Christina’s Corner: Alabama game is a chance at writing a new story


Assad Malik/The Daily Texan

Coach Steve Sarkisian watches unranked Texas host No. 1 Alabama.

Christina Huang, Double Coverage editor

Many Texas fans do not hold fond memories of the 2010 BCS Championship Game and for good reason too. That fateful day in January 2010 was the last time Texas football participated in a national title game. Alabama’s 37-21 win over Texas gave the program its first national title under Nick Saban — Saban has led the Crimson Tide to five more national championships since then. 

While Alabama has been on the rise since the 2009 season, Texas has been struggling to stay afloat. Alabama is 151-17 since playing for the 2009 national title. Texas is 84-67 in that same time frame. 

Saban’s been at the helm of the Crimson Tide since 2007, while Texas has had multiple (and often tumultuous) coaching changes. 

At Mack Brown’s final press conference as Texas head coach in 2013, he candidly explained why he chose to leave the program. 

It’s time for Texas to get back in the mix like we were from ‘04 to ‘09,” Brown said. “And that was a wonderful run, a lot of fun. We haven’t lived up to those expectations since 2010.”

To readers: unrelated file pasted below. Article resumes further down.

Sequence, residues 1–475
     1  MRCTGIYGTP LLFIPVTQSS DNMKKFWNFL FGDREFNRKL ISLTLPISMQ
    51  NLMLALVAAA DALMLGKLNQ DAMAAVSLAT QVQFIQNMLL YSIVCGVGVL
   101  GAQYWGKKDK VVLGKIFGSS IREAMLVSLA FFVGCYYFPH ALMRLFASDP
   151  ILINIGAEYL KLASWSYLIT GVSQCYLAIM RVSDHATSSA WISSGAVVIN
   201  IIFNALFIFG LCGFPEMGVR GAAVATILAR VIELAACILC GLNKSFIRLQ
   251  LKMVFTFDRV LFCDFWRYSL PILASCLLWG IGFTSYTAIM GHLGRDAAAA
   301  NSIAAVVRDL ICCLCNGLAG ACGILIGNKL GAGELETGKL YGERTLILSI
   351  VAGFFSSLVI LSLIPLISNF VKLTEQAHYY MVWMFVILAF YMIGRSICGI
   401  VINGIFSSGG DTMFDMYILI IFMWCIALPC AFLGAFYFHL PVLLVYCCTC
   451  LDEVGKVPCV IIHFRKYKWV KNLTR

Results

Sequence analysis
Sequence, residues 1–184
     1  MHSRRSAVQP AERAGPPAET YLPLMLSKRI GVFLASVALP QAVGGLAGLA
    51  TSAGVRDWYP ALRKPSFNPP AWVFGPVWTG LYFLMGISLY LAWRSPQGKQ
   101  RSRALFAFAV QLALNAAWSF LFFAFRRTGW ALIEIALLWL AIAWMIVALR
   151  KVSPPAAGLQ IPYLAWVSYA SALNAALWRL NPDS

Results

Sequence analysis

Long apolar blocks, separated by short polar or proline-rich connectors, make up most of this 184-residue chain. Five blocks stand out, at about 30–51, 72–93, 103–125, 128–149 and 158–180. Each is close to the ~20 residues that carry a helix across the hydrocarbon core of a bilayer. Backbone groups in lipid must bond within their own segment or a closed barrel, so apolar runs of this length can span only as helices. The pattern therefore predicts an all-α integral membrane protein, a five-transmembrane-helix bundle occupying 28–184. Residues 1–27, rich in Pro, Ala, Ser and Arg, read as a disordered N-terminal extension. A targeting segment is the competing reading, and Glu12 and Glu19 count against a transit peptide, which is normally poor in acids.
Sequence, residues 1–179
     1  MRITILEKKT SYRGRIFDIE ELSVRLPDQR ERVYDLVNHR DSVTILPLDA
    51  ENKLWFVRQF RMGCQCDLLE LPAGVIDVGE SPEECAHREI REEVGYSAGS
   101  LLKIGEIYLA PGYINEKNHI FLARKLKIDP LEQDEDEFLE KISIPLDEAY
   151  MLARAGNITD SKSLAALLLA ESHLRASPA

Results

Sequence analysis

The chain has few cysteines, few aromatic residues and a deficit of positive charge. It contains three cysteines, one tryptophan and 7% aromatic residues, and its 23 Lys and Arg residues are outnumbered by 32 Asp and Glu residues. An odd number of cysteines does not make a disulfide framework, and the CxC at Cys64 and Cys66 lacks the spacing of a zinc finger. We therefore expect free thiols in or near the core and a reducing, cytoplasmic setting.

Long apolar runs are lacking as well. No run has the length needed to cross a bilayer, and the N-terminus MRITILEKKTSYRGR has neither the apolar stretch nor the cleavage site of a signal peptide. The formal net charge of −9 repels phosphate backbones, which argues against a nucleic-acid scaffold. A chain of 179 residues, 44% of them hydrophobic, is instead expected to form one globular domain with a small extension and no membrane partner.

The 2004-9 years were filled with some of the program’s most iconic moments. Texas narrowly beat Michigan 38-37 in the 2005 Rose Bowl, after a late field goal by Dusty Mangum. And of course, Texas beat USC 41-38 to win the 2006 BCS National Championship, thanks to a last minute touchdown by Heisman finalist Vince Young. 

Saturday’s game is a chance to write a new narrative, to bring Texas football back to its former glory. Even though the game has no bearing on Big 12 standings, if played well enough to win, it could catapult Texas back into college football glory. 

“One of the biggest mistakes people make is (thinking) that this game is going to define our program,” Texas head coach Steve Sarkisian said on Monday. “It might. It might not. I’m more concerned about the way we play the game. My goal is to be in Dallas on December 3rd. This game has no impact on that.” 

And yes, Sarkisian is exactly right. The Alabama game means nothing when it comes to deciding which teams will play in December’s Big 12 Championship. But it helps provide an answer to the question of whether Texas is trending back in the right direction, or if the last decade of Texas football is truly the new normal. 

While there will be extra media attention with ESPN’s College GameDay and FOX’s Big Noon Kickoff visiting town, Sarkisian is focused on making sure that his team is locked in on playing football the right way. 

“I want to make sure that our guys play our style of football, our brand of football and do it the way I know we’re capable of doing it,” he said.

Saturday’s Alabama game is the first true chance this season to see what exactly Sarkisian’s style of football will look like in 2022. And maybe, just maybe, it’ll be enough to beat the team that has haunted Texas for so long.